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State v. Morgan

Court of Appeals of Ohio, First District, Hamilton

September 8, 2017

STATE OF OHIO, Plaintiff-Appellee,
v.
MELISSA MORGAN, Defendant-Appellant.

         Criminal Appeal From: Hamilton County Court of Common Pleas Trial Nos. B-1405991 B-1506927

          Joseph T. Deters, Hamilton County Prosecuting Attorney, and Philip R. Cummings, Assistant Prosecuting Attorney, for Plaintiff-Appellee.

          Michael J. Trapp, for Defendant-Appellant.

          OPINION

          Myers, Judge.

         {¶1} Defendant-appellant Melissa Morgan has appealed the judgment of the trial court convicting her, following a jury trial, of the murder of Maurice Mundy. Morgan raises six assignments of error for our review. Finding no merit to her arguments, we affirm the trial court's judgment.

         Facts and Procedure

         {¶2} Mundy was Morgan's drug dealer. On October 20, 2014, Morgan bought drugs from Mundy and spent the night at his house. The following morning, after Morgan had left, Mundy discovered that he was missing approximately $250. Mundy believed that Morgan had taken his money, and he spent much of the day driving around with Amanda Powers looking for Morgan at various locations, including her grandmother's home. Through Morgan's friend Christine Gregory, Mundy was able to set up a meeting with Morgan at Hunter Park in Norwood that afternoon.

         {¶3} Morgan and Gregory were already at Hunter Park when Mundy arrived with Powers. Morgan and Mundy immediately confronted each other. During their argument, Mundy hit Morgan in the face, and Morgan then stabbed Mundy in the neck with a knife.

         {¶4} This confrontation was witnessed by numerous people. These witnesses collectively heard Mundy demand his money and heard Morgan deny having taken it. They witnessed Mundy hit Morgan, heard Morgan threaten to stab Mundy, and then saw her actually stab him.

         {¶5} Morgan was initially indicted for the offense of felonious assault. But after Mundy died from his injuries approximately one year later, Morgan was indicted for the offense of murder under R.C. 2903.02(B).

         {¶6} Her case proceeded to a jury trial, where Morgan argued that she had stabbed Mundy in self-defense. The jury rejected Morgan's claim of self-defense and found her guilty of murder. The trial court sentenced Morgan to a term of 15 years to life imprisonment.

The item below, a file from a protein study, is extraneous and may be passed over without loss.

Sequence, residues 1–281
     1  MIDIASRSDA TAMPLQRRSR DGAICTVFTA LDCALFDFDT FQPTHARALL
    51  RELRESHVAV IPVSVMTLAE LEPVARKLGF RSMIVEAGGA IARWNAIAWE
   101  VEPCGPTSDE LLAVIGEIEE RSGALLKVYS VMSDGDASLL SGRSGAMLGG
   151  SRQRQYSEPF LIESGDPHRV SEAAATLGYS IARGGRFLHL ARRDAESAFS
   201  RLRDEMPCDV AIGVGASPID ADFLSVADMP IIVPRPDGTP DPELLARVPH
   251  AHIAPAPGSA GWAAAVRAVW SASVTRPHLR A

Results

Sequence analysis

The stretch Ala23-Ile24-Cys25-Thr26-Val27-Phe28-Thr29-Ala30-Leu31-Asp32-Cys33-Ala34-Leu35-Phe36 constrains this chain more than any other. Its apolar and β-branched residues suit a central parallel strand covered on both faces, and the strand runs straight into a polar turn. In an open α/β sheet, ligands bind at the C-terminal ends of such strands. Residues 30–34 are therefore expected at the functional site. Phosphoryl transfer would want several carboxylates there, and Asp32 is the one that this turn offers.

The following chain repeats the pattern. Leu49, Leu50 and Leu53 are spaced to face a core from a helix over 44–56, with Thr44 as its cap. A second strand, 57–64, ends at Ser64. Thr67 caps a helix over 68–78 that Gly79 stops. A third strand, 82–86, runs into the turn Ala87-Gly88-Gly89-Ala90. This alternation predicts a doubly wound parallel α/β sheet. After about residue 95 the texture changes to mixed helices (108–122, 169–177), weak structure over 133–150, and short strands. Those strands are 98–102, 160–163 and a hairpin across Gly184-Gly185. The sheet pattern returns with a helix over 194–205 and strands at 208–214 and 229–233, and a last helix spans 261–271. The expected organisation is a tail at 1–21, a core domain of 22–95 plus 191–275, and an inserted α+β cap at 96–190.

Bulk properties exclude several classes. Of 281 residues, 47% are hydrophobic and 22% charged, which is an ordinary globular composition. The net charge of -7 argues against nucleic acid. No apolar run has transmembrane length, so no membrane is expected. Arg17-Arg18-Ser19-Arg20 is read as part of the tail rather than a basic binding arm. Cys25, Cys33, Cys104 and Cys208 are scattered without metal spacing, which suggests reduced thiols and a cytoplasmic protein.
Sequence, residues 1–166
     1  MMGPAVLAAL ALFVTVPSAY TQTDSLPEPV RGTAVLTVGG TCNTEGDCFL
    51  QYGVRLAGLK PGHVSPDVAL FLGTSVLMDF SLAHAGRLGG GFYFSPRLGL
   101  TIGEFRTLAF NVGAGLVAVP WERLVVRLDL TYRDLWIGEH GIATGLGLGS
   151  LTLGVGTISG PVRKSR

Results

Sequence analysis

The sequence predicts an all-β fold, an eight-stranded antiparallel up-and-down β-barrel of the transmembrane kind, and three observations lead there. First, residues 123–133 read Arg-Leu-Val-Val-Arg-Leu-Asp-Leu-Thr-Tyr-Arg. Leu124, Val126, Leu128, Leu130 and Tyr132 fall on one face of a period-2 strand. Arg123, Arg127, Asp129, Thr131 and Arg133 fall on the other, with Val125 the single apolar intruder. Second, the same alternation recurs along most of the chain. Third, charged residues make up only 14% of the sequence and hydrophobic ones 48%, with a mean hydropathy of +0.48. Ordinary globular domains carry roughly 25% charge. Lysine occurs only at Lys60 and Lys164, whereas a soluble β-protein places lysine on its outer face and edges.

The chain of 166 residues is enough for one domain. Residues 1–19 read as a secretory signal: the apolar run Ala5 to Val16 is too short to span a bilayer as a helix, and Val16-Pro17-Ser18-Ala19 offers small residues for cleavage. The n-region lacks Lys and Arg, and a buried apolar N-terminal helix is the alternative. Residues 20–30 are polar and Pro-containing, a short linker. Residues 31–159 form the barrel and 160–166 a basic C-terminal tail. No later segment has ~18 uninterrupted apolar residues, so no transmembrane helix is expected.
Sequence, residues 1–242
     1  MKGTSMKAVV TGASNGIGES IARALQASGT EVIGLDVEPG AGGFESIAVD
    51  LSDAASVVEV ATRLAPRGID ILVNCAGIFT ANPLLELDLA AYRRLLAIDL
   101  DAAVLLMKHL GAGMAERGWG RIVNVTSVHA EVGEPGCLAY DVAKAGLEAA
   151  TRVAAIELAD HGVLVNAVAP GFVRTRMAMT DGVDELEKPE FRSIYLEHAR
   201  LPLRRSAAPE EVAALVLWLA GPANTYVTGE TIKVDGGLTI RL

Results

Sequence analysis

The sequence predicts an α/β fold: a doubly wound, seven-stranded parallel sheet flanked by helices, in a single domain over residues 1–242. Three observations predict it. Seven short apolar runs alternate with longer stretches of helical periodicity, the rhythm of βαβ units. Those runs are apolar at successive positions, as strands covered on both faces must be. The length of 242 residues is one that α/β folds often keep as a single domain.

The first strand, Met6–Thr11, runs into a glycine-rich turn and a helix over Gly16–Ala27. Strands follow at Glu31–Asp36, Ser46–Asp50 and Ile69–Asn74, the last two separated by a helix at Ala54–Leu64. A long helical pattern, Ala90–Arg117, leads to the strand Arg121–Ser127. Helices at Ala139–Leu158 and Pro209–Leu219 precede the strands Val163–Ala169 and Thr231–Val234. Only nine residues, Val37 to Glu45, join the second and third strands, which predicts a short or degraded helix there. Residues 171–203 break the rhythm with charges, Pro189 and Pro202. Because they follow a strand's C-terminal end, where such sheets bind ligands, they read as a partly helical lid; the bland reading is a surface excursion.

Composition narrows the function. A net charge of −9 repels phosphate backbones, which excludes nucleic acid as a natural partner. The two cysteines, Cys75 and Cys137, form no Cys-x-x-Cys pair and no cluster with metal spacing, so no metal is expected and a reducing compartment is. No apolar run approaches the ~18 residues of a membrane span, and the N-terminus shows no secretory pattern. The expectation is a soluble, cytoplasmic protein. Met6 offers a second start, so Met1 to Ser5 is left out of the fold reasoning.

Character Evidence

         {¶7} In her first assignment of error, Morgan argues that the trial court erred by admitting character evidence of her propensity for violence.

         {¶8} We review the trial court's admission of evidence for an abuse of discretion. State v. Brand, 1st Dist. Hamilton No. C-150590, 2016-Ohio-7456, ¶ 27, citing State v. Noling, 98 Ohio St.3d 44, 2002-Ohio-7044, 781 N.E.2d 88, ¶ 43. An abuse of discretion "connotes more than an error of law or of judgment; it implies an unreasonable, arbitrary or unconscionable attitude on the part of the court." Pembaur v. Leis, 1 Ohio St.3d 89, 91, 437 N.E.2d 1199 (1982).

         {¶9} Pursuant to Evid.R. 404(A), character evidence is generally not admissible to prove action in conformity therewith. But, "[e]vidence of a pertinent trait of character offered by an accused, or by the prosecution to rebut the same is admissible." Evid.R. 404(A)(1). When a defendant presents evidence of a specific character trait, the door is opened for the prosecution to rebut that evidence. State v. Garcia, 8th Dist. Cuyahoga No. 102546, 2016-Ohio-585, ¶ 68; State v. Mitchell, 1st Dist. Hamilton Nos. C-050416 and C-050417, 2006-Ohio-5073, ¶ 73.

         {¶10} The prosecutor began her cross-examination of Morgan by asking Morgan, "What about the fights that you have had throughout your life?" Defense counsel immediately raised an objection that was overruled by the trial court. Referring to discussions that must have taken place off the record, the trial court stated that the parties had talked about this issue a number of times, and it ...


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